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Image 90 of Progress report (Kentucky Agricultural Experiment Station) n.176

Part of Kentucky Agricultural Experiment Station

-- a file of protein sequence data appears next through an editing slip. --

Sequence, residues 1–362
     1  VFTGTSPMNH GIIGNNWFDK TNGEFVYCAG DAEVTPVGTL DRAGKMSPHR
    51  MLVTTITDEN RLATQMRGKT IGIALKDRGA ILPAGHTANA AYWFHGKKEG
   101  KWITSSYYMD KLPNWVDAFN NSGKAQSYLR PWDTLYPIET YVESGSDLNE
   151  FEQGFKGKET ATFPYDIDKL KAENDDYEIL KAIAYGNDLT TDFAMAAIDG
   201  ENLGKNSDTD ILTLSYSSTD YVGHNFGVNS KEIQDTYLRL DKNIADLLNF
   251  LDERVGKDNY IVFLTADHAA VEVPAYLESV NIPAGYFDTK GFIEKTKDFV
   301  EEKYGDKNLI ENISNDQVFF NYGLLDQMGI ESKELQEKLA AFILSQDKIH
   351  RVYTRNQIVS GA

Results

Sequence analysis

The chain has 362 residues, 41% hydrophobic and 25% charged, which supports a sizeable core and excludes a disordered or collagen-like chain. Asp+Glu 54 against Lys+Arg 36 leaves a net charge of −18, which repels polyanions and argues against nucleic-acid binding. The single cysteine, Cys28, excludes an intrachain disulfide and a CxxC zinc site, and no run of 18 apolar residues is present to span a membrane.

-88- small increases in gains over the urea control, and no difference in level of molasses addition was observed. The reason for this small response from molasses, relative . to positive traits in other reports, is not clear. The small increases in performance due to molasses addition to urea rations agree with the increases in total nitrogen reaching the abomasum reported in the preceding article. Steers fed molasses tended to consume more feed than those fed urea alone. While preceding results suggest that ruminal protein synthesis is stimulated by additions of molasses to urea rations, the question as to whether the reported improvement in steer performance is a result of microbial stimulation or improved feed intake is yet to be answered. LEVEL OF INTAKE AND FEEDLOT PERFORMANCE OF STEERS FED SOYBEAN MEAL OR UREA C. O. Little, D. B. Laster, N. W. Bradley, and G. E. Mitchell, Jr. The preceding report has suggested that decreased feed intake may be a factor affecting feedlot performance of cattle fed urea supplements. This experiment was conducted to compare ground ear corn rations supplemented by urea and soybean meal, at equal levels of intake. Procedure Eighteen yearling steers were individually fed ground ear corn rations supple- " mented with soybean meal (SBM) or urea to contain 10. 5% crude protein for a 112-day feeding period. Six were randomly assigned to three treatments as follows; I SBM full fed; II - Urea full fed; and III - SBM intake limited to that of the urea ration. Results The results of this experiment are summarized in Table 1. Steers on a full . feed of the urea ration (I I) consumed 1. 81 lb less feed per day, gained 0. 56 lb less per day, and required 0. 95 lb more feed per lb gain than steers full fed the soybean meal supplemented ration (I). Steers receiving the soybean meal supplemented ration at a level of intake equal to that of the urea treatment (III) gained 0. 29 lb per day more and required 0.82 lb less feed per lb gain than did the ureafed steers. These results indicate that feedlot performance of the steers fed soybean meal is superior to ., performance of steers fed the urea supplement even at the same level of ration intake; however, decreased intake of the urea supplemented ration may partially account for the decreased steer performance. Table 1. Feedlot Performance of Yearling Steers Individually Fed Soy- bean Meal or Urea Supplemented Ear Corn Rations (112 days) , I II III SBM Urea SBM (Full Fed) (Full Fed) (Limit Fed) No. of steers 6 6 6 * Initial wt, lb 692 694 693 Final wt, lb 1019 959 990 Total gain, lb 327 265 297 . Av daily gain, lb 2. 92 2.36 2.65 Av daily ration intake, lb 21. 78 19. 93 20.00 Feed/gain 7.49 8.44 7.62

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